This may seem radical but I see no evidence that the Evangelists knew Hebrew—certainly none that Luke "spoke Hebrew."  There are inherent Hebrew idioms in Jesus sayings that are completely overlooked/misunderstood by the Evangelists.  One gets the distinct sense that they are working entirely in Greek.
                 

                > >
                > > If the minor agreements come from a common source, you would have to
                > > postulate that Luke reworked his triple tradition, enough to make his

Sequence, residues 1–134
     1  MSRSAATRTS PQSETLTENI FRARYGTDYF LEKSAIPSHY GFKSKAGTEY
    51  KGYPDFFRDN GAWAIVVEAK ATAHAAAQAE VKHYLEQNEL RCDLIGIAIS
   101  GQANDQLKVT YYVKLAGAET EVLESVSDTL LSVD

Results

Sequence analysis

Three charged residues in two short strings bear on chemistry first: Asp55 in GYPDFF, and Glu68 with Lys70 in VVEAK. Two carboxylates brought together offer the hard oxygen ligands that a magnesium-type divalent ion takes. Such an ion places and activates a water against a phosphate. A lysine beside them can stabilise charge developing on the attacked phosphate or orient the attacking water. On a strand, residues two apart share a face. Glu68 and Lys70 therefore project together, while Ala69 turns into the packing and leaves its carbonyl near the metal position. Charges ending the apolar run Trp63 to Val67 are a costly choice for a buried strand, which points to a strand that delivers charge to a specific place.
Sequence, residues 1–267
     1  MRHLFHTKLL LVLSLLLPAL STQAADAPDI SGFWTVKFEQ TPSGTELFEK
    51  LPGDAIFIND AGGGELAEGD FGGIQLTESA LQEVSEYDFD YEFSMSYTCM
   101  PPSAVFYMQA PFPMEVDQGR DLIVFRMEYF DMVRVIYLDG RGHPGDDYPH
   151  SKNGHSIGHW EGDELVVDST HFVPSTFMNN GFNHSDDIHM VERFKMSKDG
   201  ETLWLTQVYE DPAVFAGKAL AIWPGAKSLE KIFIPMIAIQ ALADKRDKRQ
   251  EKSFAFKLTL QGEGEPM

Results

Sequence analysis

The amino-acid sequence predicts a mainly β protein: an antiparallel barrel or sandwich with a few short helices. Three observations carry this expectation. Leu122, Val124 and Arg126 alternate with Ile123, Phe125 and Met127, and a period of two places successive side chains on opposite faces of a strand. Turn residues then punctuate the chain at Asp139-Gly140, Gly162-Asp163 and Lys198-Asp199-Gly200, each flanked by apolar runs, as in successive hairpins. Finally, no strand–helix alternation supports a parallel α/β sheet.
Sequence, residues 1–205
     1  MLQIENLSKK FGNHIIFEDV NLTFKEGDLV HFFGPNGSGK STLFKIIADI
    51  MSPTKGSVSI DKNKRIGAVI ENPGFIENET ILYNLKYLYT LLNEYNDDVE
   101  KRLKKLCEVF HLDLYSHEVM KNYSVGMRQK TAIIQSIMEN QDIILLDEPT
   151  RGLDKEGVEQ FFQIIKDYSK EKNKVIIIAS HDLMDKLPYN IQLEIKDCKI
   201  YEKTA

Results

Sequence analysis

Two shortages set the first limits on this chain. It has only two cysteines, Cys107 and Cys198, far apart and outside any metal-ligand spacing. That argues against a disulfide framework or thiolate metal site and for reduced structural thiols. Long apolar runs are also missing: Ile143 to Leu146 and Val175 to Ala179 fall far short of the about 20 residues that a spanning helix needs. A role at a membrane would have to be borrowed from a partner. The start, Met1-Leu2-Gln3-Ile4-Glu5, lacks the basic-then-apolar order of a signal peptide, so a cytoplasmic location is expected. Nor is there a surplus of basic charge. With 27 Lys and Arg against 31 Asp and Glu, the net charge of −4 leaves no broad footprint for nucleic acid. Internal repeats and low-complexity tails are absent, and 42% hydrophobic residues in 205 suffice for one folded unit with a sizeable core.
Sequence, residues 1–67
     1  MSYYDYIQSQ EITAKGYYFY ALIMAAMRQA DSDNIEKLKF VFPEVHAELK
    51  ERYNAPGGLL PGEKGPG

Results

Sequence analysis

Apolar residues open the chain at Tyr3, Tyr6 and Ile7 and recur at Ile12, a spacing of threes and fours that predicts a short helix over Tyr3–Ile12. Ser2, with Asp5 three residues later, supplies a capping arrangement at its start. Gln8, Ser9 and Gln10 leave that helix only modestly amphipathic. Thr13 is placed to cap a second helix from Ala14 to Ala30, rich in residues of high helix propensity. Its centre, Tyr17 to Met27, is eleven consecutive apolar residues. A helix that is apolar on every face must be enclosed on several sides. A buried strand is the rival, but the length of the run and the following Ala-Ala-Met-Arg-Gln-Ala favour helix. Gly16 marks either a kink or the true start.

> > material clearly non-source-like, while Matthew, substantially, only
                copied
                > > the source, or even more unlikely successfully imitated the vocabulary
                > > signature of the source.

                You I think the divergence between Matthew and Luke in the triple tradition texts is Markan influences upon Matthew—not Luke's reworking the material to look "non-source like."
                 
                >
                > This is not entirely true.  Both Matthew and Luke re-work their sources.

                You miss my point here. It is demonstrated mathematically by the analysis
                that the minor agreements are significantly more Matthian than Lukian, given
                this, my statement *is* true, unless we can think of another way to explain
                the minor agreement being Matthian and not Lukian.